Hypothyroidism in Dogs
Hypothyroidism is a
condition resulting from a lowered production and release of T4 and T3 hormones
by the thyroid gland. The leading causes
of this disease range from congenital disease, iodine deficiency, cancer, or
can be of unknown etiology (origin).It is common in medium to large breed dogs,
with some breeds being more predisposed than others. These breeds can include Doberman Pinschers,
Irish Setters, Golden Retrievers, Labrador Retrievers, Great Danes, Old English
Sheepdogs, Dachshunds, Miniature Schnauzers, Boxers, Poodles, and Cocker Spaniels. It is also more commonly diagnosed in
middle-aged dogs between the ages of 4-10 years.
-Unexplained weight gain, or
inability to lose weight
-Alopecia (hair loss)
-Poor coat quality
-Excessively scaly skin
veterinarian will use the history and current physical exams as well as the
background history of symptoms to determine if thyroid testing is required.
exact cause of hypothyroidism may require a thorough investigation. Routine laboratory testing will include a complete
blood cell count, blood chemistry profile, urinalysis, and, importantly,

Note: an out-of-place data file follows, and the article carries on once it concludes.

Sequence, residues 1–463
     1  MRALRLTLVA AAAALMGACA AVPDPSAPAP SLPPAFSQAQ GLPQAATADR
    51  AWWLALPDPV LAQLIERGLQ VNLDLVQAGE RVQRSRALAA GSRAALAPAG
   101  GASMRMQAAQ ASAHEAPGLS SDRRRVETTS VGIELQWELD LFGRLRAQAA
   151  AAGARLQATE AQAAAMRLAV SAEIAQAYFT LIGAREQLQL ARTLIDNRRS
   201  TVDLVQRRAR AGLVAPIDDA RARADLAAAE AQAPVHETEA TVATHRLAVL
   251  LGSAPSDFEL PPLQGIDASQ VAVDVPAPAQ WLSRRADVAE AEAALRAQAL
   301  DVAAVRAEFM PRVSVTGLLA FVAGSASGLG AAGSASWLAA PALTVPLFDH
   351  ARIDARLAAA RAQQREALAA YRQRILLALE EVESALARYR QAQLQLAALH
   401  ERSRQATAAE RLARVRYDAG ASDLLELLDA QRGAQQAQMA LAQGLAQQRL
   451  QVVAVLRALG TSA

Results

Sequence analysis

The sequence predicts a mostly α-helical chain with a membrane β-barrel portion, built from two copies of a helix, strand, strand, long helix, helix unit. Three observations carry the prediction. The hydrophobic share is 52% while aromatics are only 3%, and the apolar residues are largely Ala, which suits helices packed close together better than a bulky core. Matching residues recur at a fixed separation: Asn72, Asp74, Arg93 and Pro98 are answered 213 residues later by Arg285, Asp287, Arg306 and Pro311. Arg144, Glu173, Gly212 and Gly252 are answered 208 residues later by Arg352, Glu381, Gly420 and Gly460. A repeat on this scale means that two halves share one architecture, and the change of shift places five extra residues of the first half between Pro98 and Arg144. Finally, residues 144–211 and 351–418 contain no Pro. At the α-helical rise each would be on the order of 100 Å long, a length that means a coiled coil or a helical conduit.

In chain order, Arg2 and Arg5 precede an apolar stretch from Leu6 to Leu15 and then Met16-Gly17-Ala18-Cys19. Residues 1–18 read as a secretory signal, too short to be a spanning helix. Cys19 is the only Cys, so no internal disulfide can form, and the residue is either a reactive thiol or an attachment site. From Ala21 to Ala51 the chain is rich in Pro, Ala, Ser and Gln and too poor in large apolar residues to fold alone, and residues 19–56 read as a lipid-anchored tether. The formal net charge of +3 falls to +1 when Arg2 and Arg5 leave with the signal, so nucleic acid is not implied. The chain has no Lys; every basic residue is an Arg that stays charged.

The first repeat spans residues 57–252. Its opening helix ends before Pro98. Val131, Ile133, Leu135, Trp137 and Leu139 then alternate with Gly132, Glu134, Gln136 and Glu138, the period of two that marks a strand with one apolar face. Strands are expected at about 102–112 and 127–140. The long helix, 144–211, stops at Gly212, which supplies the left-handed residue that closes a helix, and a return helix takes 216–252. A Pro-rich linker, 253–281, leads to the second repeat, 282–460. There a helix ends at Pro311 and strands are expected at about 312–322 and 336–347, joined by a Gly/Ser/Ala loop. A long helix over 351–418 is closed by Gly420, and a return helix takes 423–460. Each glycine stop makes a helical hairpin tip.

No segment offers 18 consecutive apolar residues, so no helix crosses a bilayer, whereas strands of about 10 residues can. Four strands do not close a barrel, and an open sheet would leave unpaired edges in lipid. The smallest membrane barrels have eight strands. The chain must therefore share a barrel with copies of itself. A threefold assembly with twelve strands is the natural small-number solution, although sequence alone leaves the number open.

endocrine testing. The levels of the
hormones T3, T4, and TSH will be measured to determine if these are on the
lower than normal ranges.
treatment of hypothyroidism is usually life-long with careful administration of
medications and diet, as well as routine lab work and physical exams. The
deficient hormones are given in a synthetic form (oral tablets) with the dosage
based on your dog?s individual physical exam, lab results, and progress. Diet modifications,
including a reduction in fat and routine exercise are also recommended
throughout treatment. Most symptoms will
resolve within a few months of starting treatment. However, routine exams and laboratory work
will be necessary to determine whether the dosage should be adjusted.
compliance with the medications and diet are a crucial part in the treatment of
hypothyroidism. To avoid complicating
the condition, do not change the type or dosage of the drug yourself and never
give anything new to your dog, including herbal remedies, without first
consulting the veterinarian.